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Let's say I have a Visual Studio solution with a Web project, a BLL project, and a DAL project. I'm trying to follow the repository pattern keeping my SQL code in the DAL with an interface that is referenced by the BLL.

I have a handful of common solutions for things such as error handling, usage logging, and other things that can be considered utility functions (i.e. not in the business spec). I'm keeping these in a Common project.

Here are a few ideas I've had with regards to structuring the Common project...

  1. Bundle SQL with logic in a given class
  2. Create a layered solution within the Common project
  3. Discard the Common project and put utility functions in with BLL/DAL

Is one of these ideas better/worse than the other? Does anyone have a better solution?

It's worth noting that these utility functions will be reused in a variety of other applications.

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Can you clarify what you mean by 1. (Bundle SQL with logic...) –  Nix Aug 4 '10 at 12:41

1 Answer 1

Instead of creating a Utilities project which will be used have you thought about creating something that can provide a service? You might want to look at Aspect Oriented Programming. Red flags went up when I saw you listing off your examples error handling, logging, etc. Those scream AOP.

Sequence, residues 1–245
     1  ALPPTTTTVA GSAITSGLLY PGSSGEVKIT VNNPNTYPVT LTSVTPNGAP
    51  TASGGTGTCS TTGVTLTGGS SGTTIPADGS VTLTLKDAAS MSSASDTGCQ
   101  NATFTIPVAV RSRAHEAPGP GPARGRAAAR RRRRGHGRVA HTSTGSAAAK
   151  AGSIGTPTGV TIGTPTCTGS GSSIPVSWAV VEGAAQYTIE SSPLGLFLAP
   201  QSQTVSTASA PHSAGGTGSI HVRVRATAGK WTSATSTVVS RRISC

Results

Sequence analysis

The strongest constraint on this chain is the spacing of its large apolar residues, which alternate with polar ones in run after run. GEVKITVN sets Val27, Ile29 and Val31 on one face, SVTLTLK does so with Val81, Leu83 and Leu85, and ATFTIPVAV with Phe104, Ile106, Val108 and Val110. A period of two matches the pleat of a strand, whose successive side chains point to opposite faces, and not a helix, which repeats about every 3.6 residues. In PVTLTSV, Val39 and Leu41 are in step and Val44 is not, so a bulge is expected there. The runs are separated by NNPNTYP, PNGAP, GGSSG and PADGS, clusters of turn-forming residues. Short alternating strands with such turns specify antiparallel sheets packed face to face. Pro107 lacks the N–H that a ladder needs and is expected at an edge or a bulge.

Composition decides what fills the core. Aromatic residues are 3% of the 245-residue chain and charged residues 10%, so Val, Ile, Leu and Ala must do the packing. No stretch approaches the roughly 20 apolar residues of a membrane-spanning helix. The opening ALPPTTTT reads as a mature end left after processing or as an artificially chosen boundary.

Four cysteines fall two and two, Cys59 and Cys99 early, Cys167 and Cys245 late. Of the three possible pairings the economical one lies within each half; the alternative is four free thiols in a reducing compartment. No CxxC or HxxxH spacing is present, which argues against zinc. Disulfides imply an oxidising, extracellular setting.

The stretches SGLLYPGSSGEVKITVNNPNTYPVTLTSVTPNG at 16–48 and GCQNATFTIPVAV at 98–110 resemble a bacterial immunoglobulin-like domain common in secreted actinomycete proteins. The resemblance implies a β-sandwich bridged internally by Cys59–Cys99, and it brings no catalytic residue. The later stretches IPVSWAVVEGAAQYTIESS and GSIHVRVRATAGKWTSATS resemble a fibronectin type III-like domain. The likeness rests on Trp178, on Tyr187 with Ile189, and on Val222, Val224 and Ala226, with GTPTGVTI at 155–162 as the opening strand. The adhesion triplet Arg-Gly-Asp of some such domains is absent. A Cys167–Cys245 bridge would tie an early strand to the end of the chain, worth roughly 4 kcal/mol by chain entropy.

But if you want to stick with your layout.

I think I would go with 2, assuming that means restructuring the utilities project to be more Cohesive.

I don't understand (please clarify and I will edit my post)

  1. Bundle SQL with logic in a given class

As for:

Discard the Common project and put utility functions in with BLL/DAL

I would be against doing so. If this logic is truly going to be repeated there is no need to push it back into your projects. This will lead to duplicate code and increased maintenance.

Side Note:

Just as a lessons learned, the only way Utilities projects work, are if you are the only developer or it is well documented and well designed. Sometimes utilities are too programmer specific, or are written in a way that only benefits a particular coders style. I have seen countless times people rework their infrastructure pulling out all kinds of utilities, only to see their utilities project never get used. Make sure the "utilities" you are creating are truly useful to other people.

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